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Korean J Gastroenterol  <  Volume 75(3); 2020 <  Articles

Korean J Gastroenterol 2020; 75(3): 157-161  https://doi.org/10.4166/kjg.2020.75.3.157
Phlegmonous Gastritis Caused by Penetration of a Toothpick
Chang Bum Rim and Sun Moon Kim
Division of Gastroenterology and Hepatology, Department of Internal Medicine, Konyang University College of Medicine, Daejeon, Korea
Correspondence to: Sun Moon Kim, Division of Gastroenterology and Hepatology, Department of Internal Medicine, Konyang University College of Medicine, 158 Gwanjeodong-ro, Seo-gu, Daejeon 35365, Korea. Tel: +82-42-600-9370, Fax: +82-42-600-9095, E-mail: ismkim@kyuh.ac.kr, ORCID: https://orcid.org/0000-0002-0436-3381
Received: August 27, 2019; Revised: January 6, 2020; Accepted: January 20, 2020; Published online: March 25, 2020.
© The Korean Journal of Gastroenterology. All rights reserved.

This is an open access article distributed under the terms of the Creative Commons Attribution Non-Commercial License (http://creativecommons.org/licenses/by-nc/4.0) which permits unrestricted non-commercial use, distribution, and reproduction in any medium, provided the original work is properly cited.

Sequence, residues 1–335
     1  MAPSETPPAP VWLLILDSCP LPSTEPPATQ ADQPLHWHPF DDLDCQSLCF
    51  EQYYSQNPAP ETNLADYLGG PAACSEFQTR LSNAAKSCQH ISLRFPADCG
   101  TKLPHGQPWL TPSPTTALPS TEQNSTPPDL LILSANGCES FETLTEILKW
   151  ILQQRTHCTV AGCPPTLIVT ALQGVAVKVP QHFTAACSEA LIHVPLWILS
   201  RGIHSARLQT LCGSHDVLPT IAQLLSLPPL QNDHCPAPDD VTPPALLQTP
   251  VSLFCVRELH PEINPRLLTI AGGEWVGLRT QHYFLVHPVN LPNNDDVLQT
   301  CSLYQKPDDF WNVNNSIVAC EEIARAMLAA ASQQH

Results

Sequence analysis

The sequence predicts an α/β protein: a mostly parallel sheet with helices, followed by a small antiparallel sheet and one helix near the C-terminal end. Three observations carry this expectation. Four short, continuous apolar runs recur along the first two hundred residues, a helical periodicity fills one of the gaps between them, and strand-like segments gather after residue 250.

Phlegmonous gastritis is a disease caused by a bacterial infection of the gastric wall. This condition is rare, but when it does occur, its prognosis appears to be poor. The underlying etiology is largely unknown, but an immunocompromised state is considered an important risk factor. An 85-year-old woman presented with a confused mentality, fever, epigastric pain, and melena. There was no history of alcohol drinking or smoking, nor of previous gastric surgery. On the other hand, there was a history of senile dementia and cognitive impairment. Initial contrast-enhanced abdominal CT revealed gastric wall edema at the antrum with mucosal hyper-enhancement and an abscess in the thickened antrum. Upper gastrointestinal endoscopy on the fourth hospital day showed dark-colored fluid retention in the stomach. The gastric mucosa was inflamed and friable, with several ulcerative lesions showing purulent discharge. A toothpick was found in the process of identifying the base of the ulcerative lesion and was removed. Eventually, phlegmonous gastritis due to the penetration of a toothpick was diagnosed. After endoscopic toothpick removal, the patient's symptoms improved dramatically. Serial endoscopy revealed improvement in the gastric mucosa. This case is an example of phlegmonous gastritis caused by a foreign substance in the gastric wall of a patient with senile dementia. During upper gastrointestinal endoscopy in this case, identification of the base of ulcerative lesion played a critical role in the diagnosis.
Keywords: Dementia; Foreign bodies; Phlegmonous gastritis; Endoscopy

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